Tourette's Syndrome (TS)

Georges Gilles de la Tourette
In 1885 Dr. Georges Gilles de la Tourette first described nine patients with the syndrome of multiple motor and vocal tics, a movement disorder that now bears his name.

Tourette syndrome (TS) is defined by multiple motor and vocal tics beginning before age 18 and lasting for more than one year. The first symptoms usually are involuntary movements (tics) of the face, arms, limbs or trunk. They may also involve the entire body, such as kicking or stamping. Many persons report what are described as premonitory urges -- the urge to perform the activity before doing so. Often these movements can be delayed or suppressed for periods of time (like suppressing the need to scratch an itch or the need to sneeze). Other symptoms such as repetitive touching, intrusive thoughts, and compulsions can occur.

There are also verbal tics, which may include grunting, throat clearing, shouting or barking. Despite widespread publicity due to their dramatic nature, coprolalia (the involuntary use of obscene words or socially inappropriate words and phrases) and copropraxia (obscene gestures) are uncommon in TS.

Echo phenomena are sometimes reported, and may include repeating words of others (echolalia), repeating ones own words (palilalia), and repeating the movements of others.

There is a waxing and waning phenomenon - the tics seem to get better and then worse, and individual tics may change over time, being replaced by others.

Associated conditions can include ADHD, impulsiveness, ODD (oppositional defiant disorder), OCD (obsessive compulsive disorder), and learning disabilities. Males are affected 3 to 4 times as often than females.

Diet Connection

Natural Treatments for
Tics and Tourette's:
A Patient and Family Guide,
by Sheila Rogers
Many parents report that the Feingold diet consistently improves or controls Tourette Syndrome. We are still waiting for the research to show WHY this happens.

Sheila Rogers of the Association for Comprehensive NeuroTherapy has collected an enormous amount of information about triggers for TS and how to deal with them in her book, Natural Treatments for Tics and Tourette's: A Patient and Family Guide.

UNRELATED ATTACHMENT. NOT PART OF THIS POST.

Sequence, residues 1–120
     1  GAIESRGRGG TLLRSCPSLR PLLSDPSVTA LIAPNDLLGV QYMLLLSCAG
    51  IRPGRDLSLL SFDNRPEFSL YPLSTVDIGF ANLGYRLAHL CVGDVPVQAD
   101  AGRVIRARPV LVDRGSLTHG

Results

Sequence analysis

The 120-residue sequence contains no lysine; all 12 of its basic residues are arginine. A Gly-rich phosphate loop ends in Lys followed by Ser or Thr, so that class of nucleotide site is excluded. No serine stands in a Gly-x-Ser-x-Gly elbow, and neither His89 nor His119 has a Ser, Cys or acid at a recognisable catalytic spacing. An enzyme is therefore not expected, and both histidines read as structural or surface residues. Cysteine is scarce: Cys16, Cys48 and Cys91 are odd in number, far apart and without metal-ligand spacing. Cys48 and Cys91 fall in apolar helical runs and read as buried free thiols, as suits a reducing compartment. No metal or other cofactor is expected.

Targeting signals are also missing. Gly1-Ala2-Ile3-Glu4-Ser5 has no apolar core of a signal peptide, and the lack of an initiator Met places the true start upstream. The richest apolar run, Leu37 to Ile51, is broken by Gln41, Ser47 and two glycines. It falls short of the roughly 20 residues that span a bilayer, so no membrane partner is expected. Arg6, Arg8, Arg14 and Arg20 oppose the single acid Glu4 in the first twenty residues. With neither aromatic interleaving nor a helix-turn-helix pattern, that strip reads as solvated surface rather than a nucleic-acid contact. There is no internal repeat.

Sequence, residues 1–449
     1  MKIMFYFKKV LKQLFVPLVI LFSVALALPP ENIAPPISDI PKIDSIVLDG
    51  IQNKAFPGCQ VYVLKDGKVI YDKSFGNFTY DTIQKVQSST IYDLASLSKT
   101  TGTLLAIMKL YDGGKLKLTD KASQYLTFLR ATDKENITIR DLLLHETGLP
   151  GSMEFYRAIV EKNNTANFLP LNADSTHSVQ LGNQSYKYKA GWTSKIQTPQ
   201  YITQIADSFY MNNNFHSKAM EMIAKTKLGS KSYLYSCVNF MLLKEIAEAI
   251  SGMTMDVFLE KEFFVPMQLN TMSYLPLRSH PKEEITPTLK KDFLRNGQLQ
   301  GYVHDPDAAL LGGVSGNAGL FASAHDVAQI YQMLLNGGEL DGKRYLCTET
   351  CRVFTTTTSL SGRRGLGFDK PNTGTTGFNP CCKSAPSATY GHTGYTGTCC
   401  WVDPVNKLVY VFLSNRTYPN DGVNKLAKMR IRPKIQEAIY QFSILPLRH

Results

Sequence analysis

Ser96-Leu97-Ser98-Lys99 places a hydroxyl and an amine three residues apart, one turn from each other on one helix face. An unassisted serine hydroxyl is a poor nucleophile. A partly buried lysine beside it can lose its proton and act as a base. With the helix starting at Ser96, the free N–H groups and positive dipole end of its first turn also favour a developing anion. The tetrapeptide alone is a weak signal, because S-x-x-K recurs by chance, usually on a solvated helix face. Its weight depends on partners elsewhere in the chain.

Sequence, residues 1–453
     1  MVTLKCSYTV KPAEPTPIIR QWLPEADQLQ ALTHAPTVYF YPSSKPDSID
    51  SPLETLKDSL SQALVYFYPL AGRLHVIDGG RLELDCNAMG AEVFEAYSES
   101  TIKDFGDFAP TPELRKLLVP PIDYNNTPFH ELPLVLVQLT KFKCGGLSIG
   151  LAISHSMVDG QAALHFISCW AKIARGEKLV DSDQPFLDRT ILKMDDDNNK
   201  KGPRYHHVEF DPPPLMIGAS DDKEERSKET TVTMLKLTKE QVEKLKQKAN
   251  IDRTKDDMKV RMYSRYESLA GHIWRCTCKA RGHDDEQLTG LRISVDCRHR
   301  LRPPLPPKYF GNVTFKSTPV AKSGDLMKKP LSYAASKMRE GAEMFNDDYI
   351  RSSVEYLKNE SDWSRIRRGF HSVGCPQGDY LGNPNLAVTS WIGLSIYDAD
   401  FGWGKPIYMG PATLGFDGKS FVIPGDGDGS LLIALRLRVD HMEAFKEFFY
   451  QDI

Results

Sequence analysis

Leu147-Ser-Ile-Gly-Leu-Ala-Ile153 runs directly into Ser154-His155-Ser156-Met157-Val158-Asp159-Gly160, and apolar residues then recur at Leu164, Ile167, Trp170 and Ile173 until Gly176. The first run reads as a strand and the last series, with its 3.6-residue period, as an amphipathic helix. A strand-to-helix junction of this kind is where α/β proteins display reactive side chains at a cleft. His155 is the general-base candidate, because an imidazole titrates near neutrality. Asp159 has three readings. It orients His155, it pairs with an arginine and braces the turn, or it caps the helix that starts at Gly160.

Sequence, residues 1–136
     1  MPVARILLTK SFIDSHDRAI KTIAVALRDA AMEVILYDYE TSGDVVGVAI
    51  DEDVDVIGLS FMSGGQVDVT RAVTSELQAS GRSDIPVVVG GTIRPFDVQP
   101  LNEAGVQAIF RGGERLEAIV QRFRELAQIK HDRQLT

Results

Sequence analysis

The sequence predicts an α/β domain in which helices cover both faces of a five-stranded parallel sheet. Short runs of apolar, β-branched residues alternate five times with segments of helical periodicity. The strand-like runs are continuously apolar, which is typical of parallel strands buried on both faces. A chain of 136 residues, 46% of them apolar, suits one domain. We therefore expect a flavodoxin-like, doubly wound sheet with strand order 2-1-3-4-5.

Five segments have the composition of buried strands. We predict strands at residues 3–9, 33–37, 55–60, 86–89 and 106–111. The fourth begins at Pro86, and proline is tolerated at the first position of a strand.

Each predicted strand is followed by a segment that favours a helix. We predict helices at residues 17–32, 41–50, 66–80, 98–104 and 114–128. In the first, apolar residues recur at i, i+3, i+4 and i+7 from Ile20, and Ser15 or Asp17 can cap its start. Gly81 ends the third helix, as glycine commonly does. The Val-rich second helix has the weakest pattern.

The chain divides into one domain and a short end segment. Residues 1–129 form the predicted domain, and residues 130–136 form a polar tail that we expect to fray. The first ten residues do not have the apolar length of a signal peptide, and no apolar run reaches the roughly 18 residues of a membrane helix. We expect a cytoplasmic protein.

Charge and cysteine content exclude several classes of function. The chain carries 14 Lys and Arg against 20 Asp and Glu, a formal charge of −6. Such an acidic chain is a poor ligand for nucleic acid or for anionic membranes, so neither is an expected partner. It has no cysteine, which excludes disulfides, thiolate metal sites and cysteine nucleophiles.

As for research in the MedLine, there have been some intriguing studies ... Zeisel in 1986, said "Diet clearly influences neurotransmission" in his discussion of tryptophan, tyrosine, choline, and food additives. There have been numerous studies "around the edges" without actually studying the effect of diet on TS. Thus, studies have been done on neurotransmitter levels and TS, and Tryptophan levels and TS. Studies have been done showing that salicylates affect both tryptophan levels and neurotransmitter changes. We know that TS and ADHD are connected, and TS and autism are connected - and diet affects both of them. Both TS and ADHD have been related to low serotonin levels in the family, and salicylate has been shown to have an effect on serotonin.

Many doctors believe that TS is the inability to screen out random firing of neurons (nerve cells). We know from research that some food dyes increase random neuron firing and cause nerve cell membrane changes. Dr. Lau (2006) showed that when a food dye is combined with another additive (MSG or aspartame) the nerve cells suffer much more damage than when they are subjected to just one additive. We believe that any chemical that has been found to damage nerve cells should be avoided by people with TS.

Most of these studies, however, have not been intentionally connected to the problem of TS, and nobody has yet pulled them together to see what all that might mean for TS treatment. This brings us back to the first sentence - parents consistently report that the Feingold diet helps improve symptoms, sometimes quickly and sometimes slowly, but we certainly believe that avoiding the additives (and possibly the salicylates) can be an important piece of the puzzle.

Links:      - Studies on TS and diet
- Latitudes, of the Association for Comprehensive NeuroTherapy
- Hayden's story

Updated: 2/16/2010